An online business needs to do the virtual equivalent. An online grand opening or “launch” can also be an online party, with coupons, giveaways, freebies and invitations to special guests, who have larger audiences and are willing to share. You’ll send out tweets instead of flyers, Facebook posts and ads instead of the newspaper or radio, and emails instead of direct mail. But you’ll still need to invite everyone you know and more to come shop at your store.
Social media is where most of us promote our businesses.
After all, when 1 in 6 internet users has a Facebook account, and Instagram has a billion users, with Twitter not far behind, you have to go where the people are.
It’s essential for every business to have a Facebook page. Not only does this help your “legitimacy” in the eyes of your audience, but it allows you to access a ton of great Facebook tools.
Twitter is also a good spot to have a business presence. Instagram is great if you have a very visual business — food, fashion or beauty, and photography, or something similar. And LinkedIn is important if you are a freelancer or service-oriented business.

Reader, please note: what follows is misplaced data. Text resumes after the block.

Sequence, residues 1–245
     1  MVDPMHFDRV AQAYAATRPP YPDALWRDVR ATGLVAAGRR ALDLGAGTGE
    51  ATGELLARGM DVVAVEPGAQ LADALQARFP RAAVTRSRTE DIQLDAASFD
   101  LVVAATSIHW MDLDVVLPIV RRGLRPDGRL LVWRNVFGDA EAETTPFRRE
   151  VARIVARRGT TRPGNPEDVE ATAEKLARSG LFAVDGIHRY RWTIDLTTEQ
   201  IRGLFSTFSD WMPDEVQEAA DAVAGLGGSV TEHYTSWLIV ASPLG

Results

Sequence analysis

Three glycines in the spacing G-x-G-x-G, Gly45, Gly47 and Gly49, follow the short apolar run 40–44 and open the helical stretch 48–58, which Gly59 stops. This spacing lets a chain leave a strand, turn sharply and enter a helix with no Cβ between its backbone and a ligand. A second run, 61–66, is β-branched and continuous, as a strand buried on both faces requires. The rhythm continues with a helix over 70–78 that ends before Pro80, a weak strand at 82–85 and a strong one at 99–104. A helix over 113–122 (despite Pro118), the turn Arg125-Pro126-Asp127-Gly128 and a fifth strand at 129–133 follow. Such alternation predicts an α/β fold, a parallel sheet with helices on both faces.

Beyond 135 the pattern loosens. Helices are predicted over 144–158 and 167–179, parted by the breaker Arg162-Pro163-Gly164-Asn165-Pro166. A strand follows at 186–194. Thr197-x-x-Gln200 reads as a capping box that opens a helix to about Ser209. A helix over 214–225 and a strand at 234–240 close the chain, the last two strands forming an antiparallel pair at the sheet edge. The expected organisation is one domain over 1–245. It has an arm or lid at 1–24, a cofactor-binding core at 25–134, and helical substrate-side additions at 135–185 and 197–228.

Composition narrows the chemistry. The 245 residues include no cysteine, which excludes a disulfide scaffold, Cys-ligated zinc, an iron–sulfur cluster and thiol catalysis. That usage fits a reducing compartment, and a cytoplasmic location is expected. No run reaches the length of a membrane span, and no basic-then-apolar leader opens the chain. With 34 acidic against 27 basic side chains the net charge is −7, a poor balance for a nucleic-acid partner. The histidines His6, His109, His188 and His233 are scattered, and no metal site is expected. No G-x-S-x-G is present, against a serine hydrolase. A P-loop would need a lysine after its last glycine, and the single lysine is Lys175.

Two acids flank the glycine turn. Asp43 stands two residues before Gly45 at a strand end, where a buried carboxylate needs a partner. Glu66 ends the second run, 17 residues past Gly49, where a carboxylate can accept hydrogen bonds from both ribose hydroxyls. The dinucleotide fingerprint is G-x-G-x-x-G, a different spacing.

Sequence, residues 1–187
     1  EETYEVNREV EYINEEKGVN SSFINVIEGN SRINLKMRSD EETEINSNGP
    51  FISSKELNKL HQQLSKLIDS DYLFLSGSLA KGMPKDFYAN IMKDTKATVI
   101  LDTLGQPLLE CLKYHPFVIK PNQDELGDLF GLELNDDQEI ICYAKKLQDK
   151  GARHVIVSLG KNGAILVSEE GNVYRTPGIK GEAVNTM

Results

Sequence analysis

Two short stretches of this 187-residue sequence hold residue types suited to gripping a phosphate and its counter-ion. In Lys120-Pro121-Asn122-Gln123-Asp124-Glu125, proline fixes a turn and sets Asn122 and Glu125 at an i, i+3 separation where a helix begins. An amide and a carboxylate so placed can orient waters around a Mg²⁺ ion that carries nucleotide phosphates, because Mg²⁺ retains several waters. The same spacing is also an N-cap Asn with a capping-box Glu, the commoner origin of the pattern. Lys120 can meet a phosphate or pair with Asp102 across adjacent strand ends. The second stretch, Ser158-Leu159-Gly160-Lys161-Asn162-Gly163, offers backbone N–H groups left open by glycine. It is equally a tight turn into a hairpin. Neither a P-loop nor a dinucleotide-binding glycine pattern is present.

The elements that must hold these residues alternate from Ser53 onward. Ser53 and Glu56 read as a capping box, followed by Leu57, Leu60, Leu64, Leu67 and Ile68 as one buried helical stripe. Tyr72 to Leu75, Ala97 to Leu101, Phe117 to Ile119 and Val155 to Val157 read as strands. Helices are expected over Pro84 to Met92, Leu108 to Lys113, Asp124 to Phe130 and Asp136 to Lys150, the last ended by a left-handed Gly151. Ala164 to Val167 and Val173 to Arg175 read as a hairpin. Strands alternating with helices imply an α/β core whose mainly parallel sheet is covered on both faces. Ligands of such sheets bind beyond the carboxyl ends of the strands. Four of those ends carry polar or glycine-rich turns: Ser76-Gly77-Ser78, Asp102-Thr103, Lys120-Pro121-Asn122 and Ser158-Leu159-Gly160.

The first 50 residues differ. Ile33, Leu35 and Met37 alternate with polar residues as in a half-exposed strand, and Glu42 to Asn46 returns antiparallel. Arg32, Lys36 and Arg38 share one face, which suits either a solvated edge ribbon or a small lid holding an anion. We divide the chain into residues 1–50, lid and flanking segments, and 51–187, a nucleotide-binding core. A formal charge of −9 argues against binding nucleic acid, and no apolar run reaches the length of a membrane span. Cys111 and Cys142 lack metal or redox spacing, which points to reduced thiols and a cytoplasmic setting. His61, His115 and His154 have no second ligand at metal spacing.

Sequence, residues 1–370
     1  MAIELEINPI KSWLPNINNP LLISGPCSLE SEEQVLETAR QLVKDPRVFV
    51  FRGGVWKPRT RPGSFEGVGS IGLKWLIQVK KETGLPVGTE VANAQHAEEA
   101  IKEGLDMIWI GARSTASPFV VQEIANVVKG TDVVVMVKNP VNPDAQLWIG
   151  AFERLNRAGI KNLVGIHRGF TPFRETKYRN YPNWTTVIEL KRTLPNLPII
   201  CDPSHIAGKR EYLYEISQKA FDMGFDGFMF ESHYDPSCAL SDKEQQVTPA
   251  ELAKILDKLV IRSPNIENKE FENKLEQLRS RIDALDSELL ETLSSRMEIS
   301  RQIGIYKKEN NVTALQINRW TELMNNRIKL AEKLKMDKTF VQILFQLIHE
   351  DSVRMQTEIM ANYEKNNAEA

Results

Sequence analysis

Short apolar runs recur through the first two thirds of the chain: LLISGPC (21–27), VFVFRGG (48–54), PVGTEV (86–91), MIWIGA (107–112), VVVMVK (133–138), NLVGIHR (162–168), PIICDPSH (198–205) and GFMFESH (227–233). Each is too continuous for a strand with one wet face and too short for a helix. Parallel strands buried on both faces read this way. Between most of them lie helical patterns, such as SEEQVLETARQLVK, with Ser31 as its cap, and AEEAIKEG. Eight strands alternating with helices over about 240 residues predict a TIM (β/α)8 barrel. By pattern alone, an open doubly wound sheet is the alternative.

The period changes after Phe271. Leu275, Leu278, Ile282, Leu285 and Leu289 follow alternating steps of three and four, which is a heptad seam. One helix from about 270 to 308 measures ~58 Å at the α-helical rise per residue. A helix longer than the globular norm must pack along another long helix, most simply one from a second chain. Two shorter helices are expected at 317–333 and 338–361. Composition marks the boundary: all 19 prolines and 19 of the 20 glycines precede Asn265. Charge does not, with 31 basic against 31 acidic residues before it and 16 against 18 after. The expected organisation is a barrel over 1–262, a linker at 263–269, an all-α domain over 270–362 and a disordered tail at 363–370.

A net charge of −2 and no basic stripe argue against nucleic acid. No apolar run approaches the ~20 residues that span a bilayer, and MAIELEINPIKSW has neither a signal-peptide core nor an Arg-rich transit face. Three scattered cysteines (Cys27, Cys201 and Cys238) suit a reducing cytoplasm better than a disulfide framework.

Only social media promotion?
But there are more places than just social media to promote your business. You can also use blog comments, linkups, networks and share groups to promote your content. All of these not only spread your message farther but those links back to your site improve your ranking on search engines. That makes it more likely that people can find you by searching the questions you answer too.